William Wirt

From Thomas Jefferson Encyclopedia

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-'''William Wirt''' (1772-1834) was Attorney General of the United States under [[James Monroe]] and the 1832 anti-Masonic candidate for president. For [[Thomas Jefferson]], Wirt served as a Democratic Republican Party lawyer over the years. Born in Bladensburg Maryland, he moved to Culpeper Virginia in 1792, passed the bar in Virginia, and met his future wife Mildred Gilmor, father of [[George Gilmer]] and close friend of [Thomas Jefferson|Jefferson's]].+'''William Wirt''' (1772-1834) was Attorney General of the United States under [[James Monroe]] and the 1832 anti-Masonic candidate for president. Wirt also served as a Democratic Republican Party lawyer for [[Thomas Jefferson]] over the years. Born in Bladensburg, Maryland, he moved to Culpeper, Virginia, in 1792. There he passed the Virginia bar and met his future wife Mildred Gilmor, father of [[George Gilmer]] and close friend of Jefferson.
-This Gilmer connection brought Wirt into Jefferson's orbit. Jefferson seemed to appreciate his legal skills since he hired Wirt in the case of ''Cobbs v. Jefferson''. After Mildred's death in 1799, Jefferson recommended him to be the clerk of the House of Delegates. He served as counsel in the sedition trial representing [[James Callender]] where he lost the case and Callender served some jail time. In 1807, he prosecuted [[Aaron Burr]] for treason and he lost that case. [[James Madison]] made him a U.S. attorney, then served for one year as the U.S. Attorney General for [[James Monroe]] in 1817. +This Gilmer connection brought Wirt into Jefferson's orbit. Jefferson, evidently appreciating his legal skills, hired Wirt in the case of ''Cobbs v. Jefferson''. After Mildred's death in 1799, Jefferson recommended Wirt to be the clerk of the House of Delegates. He served as counsel in the sedition trial representing [[James Callender]], though he lost the case and Callender served time in jail. In 1807, Wirt unsuccessfully prosecuted [[Aaron Burr]] for treason. [[James Madison]] made him a U.S. attorney before he served for one year as the U.S. Attorney General for James Monroe in 1817.
-Jefferson offered Wirt a professorship in law at the [[University of Virginia]], but he turned it down. After [[Jefferson's Cause of Death|Jefferson's death]], Wirt gave a eulogy to him and [[John Adams]] in the House of Representatives on October 19, 1826.+Jefferson offered Wirt a professorship in law at the [[University of Virginia]], but he turned it down. After [[Jefferson's Cause of Death|Jefferson's death]], Wirt eulogized him and [[John Adams]] in the House of Representatives on October 19, 1826.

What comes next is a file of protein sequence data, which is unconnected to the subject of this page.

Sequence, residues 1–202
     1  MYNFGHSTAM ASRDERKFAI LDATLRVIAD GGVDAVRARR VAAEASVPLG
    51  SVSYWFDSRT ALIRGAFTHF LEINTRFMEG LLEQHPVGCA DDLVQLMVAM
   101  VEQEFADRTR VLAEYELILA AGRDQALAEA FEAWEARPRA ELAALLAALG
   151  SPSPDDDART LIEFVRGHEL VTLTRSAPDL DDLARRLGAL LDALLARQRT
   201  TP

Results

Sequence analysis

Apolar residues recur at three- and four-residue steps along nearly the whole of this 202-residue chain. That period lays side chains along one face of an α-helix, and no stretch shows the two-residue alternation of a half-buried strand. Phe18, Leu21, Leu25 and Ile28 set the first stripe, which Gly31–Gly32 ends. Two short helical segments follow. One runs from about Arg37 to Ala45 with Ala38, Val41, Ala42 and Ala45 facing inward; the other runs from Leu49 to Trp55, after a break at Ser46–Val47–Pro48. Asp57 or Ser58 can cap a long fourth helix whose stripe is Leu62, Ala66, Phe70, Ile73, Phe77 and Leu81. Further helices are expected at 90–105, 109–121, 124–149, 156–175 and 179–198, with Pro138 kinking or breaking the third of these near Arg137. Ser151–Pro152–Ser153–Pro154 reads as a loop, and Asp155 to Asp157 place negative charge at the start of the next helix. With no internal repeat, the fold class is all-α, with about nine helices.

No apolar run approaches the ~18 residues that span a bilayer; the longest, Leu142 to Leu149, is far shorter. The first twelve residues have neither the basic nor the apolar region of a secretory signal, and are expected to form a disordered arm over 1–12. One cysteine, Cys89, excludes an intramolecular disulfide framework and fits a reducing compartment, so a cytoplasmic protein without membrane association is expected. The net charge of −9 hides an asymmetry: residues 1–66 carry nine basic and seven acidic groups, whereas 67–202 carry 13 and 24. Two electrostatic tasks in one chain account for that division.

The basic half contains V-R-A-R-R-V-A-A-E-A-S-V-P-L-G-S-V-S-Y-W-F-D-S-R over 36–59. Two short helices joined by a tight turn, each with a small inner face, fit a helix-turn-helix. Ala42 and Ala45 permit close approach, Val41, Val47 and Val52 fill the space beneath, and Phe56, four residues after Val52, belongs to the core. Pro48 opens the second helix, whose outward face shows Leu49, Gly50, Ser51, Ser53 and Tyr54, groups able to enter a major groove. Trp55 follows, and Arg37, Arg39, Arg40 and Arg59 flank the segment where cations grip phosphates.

==Primary Source References<ref>Please note that this list should not be considered comprehensive.</ref>== ==Primary Source References<ref>Please note that this list should not be considered comprehensive.</ref>==

Current revision

William Wirt (1772-1834) was Attorney General of the United States under James Monroe and the 1832 anti-Masonic candidate for president. Wirt also served as a Democratic Republican Party lawyer for Thomas Jefferson over the years. Born in Bladensburg, Maryland, he moved to Culpeper, Virginia, in 1792. There he passed the Virginia bar and met his future wife Mildred Gilmor, father of George Gilmer and close friend of Jefferson.

This Gilmer connection brought Wirt into Jefferson's orbit. Jefferson, evidently appreciating his legal skills, hired Wirt in the case of Cobbs v. Jefferson. After Mildred's death in 1799, Jefferson recommended Wirt to be the clerk of the House of Delegates. He served as counsel in the sedition trial representing James Callender, though he lost the case and Callender served time in jail. In 1807, Wirt unsuccessfully prosecuted Aaron Burr for treason. James Madison made him a U.S. attorney before he served for one year as the U.S. Attorney General for James Monroe in 1817.

Jefferson offered Wirt a professorship in law at the University of Virginia, but he turned it down. After Jefferson's death, Wirt eulogized him and John Adams in the House of Representatives on October 19, 1826.

Primary Source References[1]

1796 June 16. "Pd. Mr. Wirt 5.D. fee in Cobbs's suit agt. me."[2]

Footnotes

  1. Please note that this list should not be considered comprehensive.
  2. MB, 2:942.

Further Sources